Rent is Due: Strategies for Landlords with Financially Unstable Tenants

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Even landlords who conduct in-depth analyses of tenant credit and financial health will experience some tenants who become financially unstable during the term of the lease. In an environment where replacing tenants can be challenging, many landlords should consider the potential benefits of negotiating a restructuring of the tenant’s lease obligations or offering an agreed exit strategy.

Obtain Current Financial Statements

Including in leases a provision that requires tenants to provide current financial statements will help landlords have the information necessary to assess the likelihood that a tenant’s inability to pay is due to temporary circumstances. Even if the lease does not expressly provide for the tenant to furnish financial information, landlords may require current financial information as a prerequisite to entertaining any restructuring or workout of the lease. This financial information, along with consideration of the relationship history, will help the landlord determine if the tenant will be able to meet his/her obligations under a restructured lease.

Consider Defaulting the Tenant

If a tenant is not meeting lease obligations, it is usually advantageous for a landlord to default the tenant (reserving all rights and remedies) as restructuring discussions are ongoing. If appropriate, default letters can be drafted such that they are “friendly” but still effective. Putting the tenant in default enables the clock to begin running on any periods of notice and grace required before the landlord can exercise remedies such as terminating the lease and/or possession, pursuing any guarantors, and/or accessing any collateral held as security for tenant’s obligations. In addition, being in position to terminate a lease before the tenant files for bankruptcy ensures that the tenant’s leasehold interest does not become part of the bankruptcy estate, subjecting the landlord to a judicial process that usually results in the landlord receiving little or no damages for unpaid rent.

Consider Increasing Security for the Lease

Lease restructuring discussions often involve a reconsideration and increase of the security for the tenant’s lease obligations. While cash security deposits are easy to access and apply towards a tenant’s obligations, the landlord will not be able to immediately access the funds in the event the tenant files for bankruptcy (instead, the landlord will have a secured claim in the bankruptcy proceedings for the security deposit). For this reason, many landlords require letters of credit to be provided in lieu of or in addition to a cash security deposit. Because a letter of credit is an agreement with a financial institution, letters of credit are generally treated as independent from the bankruptcy estate and available to be drawn upon even in the event of a tenant bankruptcy provided that no default/demand needs to be made upon the tenant prior to the draw. Similarly, landlords are able to seek enforcement of guarantees (provided the guarantor is not in bankruptcy and provided that the landlord is not required to first seek enforcement against the tenant).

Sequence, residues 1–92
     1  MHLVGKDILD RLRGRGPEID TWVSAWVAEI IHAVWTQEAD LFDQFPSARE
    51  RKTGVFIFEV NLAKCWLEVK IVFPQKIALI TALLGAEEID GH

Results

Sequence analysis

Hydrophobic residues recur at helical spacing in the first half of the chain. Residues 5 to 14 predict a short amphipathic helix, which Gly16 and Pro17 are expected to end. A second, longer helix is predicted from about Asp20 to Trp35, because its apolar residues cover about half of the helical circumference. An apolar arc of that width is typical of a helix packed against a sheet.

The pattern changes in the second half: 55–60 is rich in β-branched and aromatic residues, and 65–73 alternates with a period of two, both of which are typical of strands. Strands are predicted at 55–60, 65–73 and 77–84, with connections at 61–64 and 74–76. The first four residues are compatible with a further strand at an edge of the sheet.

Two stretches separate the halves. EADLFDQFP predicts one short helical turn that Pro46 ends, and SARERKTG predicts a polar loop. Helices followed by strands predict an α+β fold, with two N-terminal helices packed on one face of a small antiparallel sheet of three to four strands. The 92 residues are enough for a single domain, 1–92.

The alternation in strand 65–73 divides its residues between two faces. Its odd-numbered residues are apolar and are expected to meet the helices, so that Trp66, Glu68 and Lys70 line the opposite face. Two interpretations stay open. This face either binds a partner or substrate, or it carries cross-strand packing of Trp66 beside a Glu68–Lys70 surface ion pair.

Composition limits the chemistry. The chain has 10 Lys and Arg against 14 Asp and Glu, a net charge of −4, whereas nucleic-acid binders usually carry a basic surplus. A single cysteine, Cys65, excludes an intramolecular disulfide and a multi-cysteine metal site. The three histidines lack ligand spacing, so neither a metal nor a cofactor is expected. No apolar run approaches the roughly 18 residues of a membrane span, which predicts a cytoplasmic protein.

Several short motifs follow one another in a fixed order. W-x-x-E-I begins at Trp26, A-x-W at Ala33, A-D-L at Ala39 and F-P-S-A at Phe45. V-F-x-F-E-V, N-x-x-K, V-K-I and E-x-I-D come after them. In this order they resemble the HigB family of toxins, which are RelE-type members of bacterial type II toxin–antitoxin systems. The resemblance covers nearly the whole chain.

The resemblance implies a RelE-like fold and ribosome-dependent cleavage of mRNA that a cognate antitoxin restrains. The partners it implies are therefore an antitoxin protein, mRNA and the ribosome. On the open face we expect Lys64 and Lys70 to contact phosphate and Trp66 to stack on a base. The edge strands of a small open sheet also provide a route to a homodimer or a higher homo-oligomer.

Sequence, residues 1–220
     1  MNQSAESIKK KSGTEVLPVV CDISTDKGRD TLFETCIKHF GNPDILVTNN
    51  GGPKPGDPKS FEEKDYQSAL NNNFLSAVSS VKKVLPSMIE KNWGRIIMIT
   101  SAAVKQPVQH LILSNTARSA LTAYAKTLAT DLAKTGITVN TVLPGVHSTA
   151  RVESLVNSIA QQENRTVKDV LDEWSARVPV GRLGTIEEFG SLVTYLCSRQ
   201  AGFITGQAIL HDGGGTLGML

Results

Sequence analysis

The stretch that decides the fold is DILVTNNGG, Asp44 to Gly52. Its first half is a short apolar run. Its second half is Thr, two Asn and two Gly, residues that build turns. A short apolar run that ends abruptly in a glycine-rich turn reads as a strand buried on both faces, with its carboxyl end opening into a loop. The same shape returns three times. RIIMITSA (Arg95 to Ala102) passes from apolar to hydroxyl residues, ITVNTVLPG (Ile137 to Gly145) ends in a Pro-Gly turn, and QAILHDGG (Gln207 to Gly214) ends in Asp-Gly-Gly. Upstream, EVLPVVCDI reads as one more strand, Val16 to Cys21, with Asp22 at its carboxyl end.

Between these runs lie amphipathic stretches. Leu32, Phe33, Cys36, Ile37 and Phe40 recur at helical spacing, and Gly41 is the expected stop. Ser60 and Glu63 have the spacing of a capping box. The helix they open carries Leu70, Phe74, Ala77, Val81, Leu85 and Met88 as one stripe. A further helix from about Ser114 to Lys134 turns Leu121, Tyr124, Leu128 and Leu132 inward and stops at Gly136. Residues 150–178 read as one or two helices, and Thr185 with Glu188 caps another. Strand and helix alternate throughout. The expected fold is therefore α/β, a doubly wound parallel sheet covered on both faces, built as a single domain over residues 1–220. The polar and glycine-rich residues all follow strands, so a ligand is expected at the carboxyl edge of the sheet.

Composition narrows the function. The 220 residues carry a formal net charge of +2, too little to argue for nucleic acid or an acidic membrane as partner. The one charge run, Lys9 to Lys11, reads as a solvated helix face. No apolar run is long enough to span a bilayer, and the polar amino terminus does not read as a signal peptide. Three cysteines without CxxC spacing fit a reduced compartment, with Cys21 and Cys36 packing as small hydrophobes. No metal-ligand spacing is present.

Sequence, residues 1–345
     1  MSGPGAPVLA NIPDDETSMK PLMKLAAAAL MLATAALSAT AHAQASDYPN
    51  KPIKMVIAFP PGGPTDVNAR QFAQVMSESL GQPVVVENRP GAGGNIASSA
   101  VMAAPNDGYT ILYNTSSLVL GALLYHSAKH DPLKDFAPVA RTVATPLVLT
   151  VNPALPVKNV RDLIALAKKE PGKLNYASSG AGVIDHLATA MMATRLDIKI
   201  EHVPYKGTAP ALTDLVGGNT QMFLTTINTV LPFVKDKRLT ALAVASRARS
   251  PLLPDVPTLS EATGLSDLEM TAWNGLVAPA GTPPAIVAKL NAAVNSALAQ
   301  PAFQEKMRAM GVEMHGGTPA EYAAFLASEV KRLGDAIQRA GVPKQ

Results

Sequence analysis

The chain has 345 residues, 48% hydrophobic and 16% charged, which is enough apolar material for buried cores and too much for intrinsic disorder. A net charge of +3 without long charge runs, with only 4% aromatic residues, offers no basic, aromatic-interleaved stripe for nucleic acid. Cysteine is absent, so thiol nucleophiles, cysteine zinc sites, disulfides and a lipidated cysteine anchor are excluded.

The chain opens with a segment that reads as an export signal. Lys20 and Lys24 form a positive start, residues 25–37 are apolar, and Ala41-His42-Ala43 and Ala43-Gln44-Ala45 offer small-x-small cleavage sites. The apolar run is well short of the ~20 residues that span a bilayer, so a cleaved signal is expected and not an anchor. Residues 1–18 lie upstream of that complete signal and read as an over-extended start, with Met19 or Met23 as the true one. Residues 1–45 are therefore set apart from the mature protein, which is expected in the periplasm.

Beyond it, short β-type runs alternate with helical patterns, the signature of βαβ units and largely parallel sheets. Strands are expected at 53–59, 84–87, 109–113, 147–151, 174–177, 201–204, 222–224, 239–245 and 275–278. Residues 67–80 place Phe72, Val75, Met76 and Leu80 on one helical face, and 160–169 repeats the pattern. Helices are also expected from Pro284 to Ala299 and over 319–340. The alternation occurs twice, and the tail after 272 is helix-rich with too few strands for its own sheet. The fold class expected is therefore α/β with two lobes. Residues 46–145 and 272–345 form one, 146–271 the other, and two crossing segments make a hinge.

Evaluate Restructuring and Workout Options

Many factors influence a landlord’s decision to modify the terms of a lease for a financially unstable tenant. Outlined below are a few common approaches to lease restructuring. In each case, the landlord will benefit from making it clear to the tenant that the landlord can exercise remedies in the event the tenant fails to comply with the agreement.

1. Early Termination

Landlord and tenant might agree to a lease termination date, sometimes with payment of a termination fee (either upfront or over the course of the remaining occupancy). In some circumstances, a landlord may allow a tenant to reduce their rent obligation by recapturing a portion of the space, with or without payment by tenant of a fee. Landlords often encourage tenants to seek an assignment or sublease prior to considering a request for early termination. It is prudent for termination agreements to contain a provision that unwinds them in the event the tenant files for bankruptcy and the bankruptcy court claws back the termination fee as a preferential transfer.

2. Rent Abatement or Deferral

If a landlord has confidence in the long-term viability of the tenant, the landlord might consider abating or reducing certain months of rent, sometimes requiring those amounts to be paid at a later date. If possible, many landlords try to maintain the total amount of rent payable over the term by either deferring rent or increasing the lease term. In the case of abated or reduced rent, landlords usually require that, in the event of future default, all abated or reduced rent becomes immediately due and payable with accrued interest and late fees. If there is arrearage, some landlords ask tenants to sign a promissory note in the amount of the past due rent, specifying a payment schedule and any interest.

3. Other Terms

A request for a lease restructure is an opportunity for the landlord to review the entire lease. If the tenant has been granted special rights, such as rights of first offer, exclusive use rights, early termination rights, or operating expense caps, the lease restructuring is an opportunity to eliminate those provisions.


Many landlords are willing to consider lease restructuring in the current market environment where vacancy rates remain high. Each tenant relationship is unique, and the strategies outlined in this article are only a selection of approaches to navigating the challenging situation of a financially unstable tenant.


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